Once in a while, a traveller experiences a frustrating flight delay which may have a domino effect and cause other inconveniences. EU regulation 261 protects passengers by ensuring that airlines are held responsible in the event of flight delays. The EC 261 law provides up to £520 per traveller as compensation for delayed flights. However, the law is not applicable in all cases and travellers should be familiar with the provisions of the legislation so that their rights are upheld.
At AirHelp, we help passengers claim their compensation in case of delays experienced in their journey. AirHelp specializes in assisting passengers in understanding their rights and securing their payment quickly. To start with, though, passengers need to be sure about which circumstances make them eligible for compensation. This is because airlines are unlikely to take the initiative and inform you when they owe you money.
Passengers should note the specific details of their flight delay as airlines compensate delays according to the time the passenger waited for the flight and the length of the flight journey. The EU regulation covers all flights within the EU. It also covers flights that arrive in or depart from the EU, as long as the airline in question is based in the EU. Additionally, if the delayed flight causes you to miss a second flight, you may claim missed connection compensation based on the distance between the two stages.
AirHelp is the world's largest air passenger rights organisation, here to help air travellers secure compensation for delayed, cancelled, or overbooked flights .
We make claiming compensation easy and stress-free. Whether you are unsure of your rights, lack the time, or simply want an expert to handle your entire claim for you, AirHelp can help you get what you are rightfully owed.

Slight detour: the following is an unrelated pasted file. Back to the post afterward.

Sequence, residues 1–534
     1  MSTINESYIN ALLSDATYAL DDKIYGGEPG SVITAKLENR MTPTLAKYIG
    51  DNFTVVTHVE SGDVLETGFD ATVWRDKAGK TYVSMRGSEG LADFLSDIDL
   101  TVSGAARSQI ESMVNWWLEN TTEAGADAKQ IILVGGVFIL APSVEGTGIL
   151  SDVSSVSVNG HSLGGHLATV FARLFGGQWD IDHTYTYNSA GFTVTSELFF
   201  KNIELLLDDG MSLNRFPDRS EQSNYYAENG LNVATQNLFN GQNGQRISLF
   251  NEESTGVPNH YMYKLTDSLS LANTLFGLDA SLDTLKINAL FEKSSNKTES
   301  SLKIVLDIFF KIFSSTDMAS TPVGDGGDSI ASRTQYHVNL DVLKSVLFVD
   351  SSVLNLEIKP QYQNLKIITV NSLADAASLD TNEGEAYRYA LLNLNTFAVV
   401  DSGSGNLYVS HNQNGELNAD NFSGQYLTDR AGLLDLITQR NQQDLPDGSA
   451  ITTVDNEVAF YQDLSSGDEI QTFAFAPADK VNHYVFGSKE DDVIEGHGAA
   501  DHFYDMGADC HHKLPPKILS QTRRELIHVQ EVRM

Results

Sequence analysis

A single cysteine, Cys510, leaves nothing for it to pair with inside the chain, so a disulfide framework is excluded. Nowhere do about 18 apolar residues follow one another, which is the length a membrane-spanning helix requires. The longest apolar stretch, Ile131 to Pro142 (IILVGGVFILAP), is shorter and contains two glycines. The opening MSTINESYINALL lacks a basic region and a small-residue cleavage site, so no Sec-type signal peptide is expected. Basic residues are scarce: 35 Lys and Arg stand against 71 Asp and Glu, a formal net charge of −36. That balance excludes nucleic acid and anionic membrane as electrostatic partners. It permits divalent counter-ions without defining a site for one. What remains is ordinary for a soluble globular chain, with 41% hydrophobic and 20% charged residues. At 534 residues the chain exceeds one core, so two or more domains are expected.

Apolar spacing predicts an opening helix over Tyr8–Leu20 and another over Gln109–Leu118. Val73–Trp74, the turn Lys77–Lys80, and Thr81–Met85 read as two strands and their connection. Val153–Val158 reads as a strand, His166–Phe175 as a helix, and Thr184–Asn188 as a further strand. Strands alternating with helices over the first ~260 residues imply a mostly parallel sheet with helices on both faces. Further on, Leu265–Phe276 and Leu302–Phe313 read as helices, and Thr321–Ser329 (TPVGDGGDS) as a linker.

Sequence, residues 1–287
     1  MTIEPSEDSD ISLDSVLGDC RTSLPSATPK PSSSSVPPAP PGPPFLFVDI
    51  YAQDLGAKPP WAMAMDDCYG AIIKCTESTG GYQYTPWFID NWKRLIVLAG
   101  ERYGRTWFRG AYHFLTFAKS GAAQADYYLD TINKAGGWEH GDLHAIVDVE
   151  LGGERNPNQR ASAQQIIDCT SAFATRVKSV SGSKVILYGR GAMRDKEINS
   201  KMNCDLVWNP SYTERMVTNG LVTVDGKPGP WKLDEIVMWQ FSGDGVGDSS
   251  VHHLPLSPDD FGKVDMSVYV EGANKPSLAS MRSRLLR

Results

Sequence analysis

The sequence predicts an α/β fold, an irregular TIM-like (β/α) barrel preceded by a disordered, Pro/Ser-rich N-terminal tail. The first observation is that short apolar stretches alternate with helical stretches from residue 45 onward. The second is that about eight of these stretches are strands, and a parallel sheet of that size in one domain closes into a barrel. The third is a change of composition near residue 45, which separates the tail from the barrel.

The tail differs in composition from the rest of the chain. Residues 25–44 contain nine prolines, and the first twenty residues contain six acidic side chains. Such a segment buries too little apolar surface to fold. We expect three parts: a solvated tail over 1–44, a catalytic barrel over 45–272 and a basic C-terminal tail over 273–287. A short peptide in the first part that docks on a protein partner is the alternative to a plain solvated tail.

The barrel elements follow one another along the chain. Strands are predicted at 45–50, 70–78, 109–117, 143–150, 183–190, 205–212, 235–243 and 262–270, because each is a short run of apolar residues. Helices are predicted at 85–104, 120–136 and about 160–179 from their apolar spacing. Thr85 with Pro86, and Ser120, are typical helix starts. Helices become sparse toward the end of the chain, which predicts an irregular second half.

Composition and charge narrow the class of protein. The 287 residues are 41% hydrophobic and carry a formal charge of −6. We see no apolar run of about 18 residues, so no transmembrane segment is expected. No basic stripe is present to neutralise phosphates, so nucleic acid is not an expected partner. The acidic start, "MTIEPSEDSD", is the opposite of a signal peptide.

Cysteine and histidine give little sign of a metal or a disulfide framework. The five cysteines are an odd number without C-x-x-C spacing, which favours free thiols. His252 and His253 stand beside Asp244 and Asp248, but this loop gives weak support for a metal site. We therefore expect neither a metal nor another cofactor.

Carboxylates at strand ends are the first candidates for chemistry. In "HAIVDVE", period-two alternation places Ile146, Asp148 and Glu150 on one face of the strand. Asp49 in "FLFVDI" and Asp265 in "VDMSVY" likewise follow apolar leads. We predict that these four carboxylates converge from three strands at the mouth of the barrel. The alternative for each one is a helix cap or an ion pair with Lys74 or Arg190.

We operate on a no win, no fee basis, so you can check your compensation risk-free.
How do you know when you should claim compensation for a delayed or cancelled flight? Though the law can be complicated, we're here to break it down for you:
Delayed flights: you may be able to claim compensation if your flight arrived 3 hours or more late.
Cancelled flights: you may be eligible for compensation if your flight was cancelled less than 14 days before it was due to depart.
Overbookings: you are owed compensation any time you are denied boarding through no fault of your own — so long as you didn't voluntarily give up your seat.
We should note that if extraordinary circumstances were involved, arirlines are under no obligation to pay compensation. Examples of extraordinary circumstances include bad weather, travel restrictions, and air traffic control strikes. Though these situations cause delays and cancellations, the airline isn't at fault, so can't be expected to offer compensation.
Remember these are European flight regulations and so only apply to flights departing from an EU airport, or flights landing in the EU with a European airline. The table below makes it clear which flights are covered:
Table shows values in € as specified in EC 261
In some circumstances the compensation amount may differ from the standard amounts shown above. The easiest way to find out what you’re owed is to use our Compensation Check.
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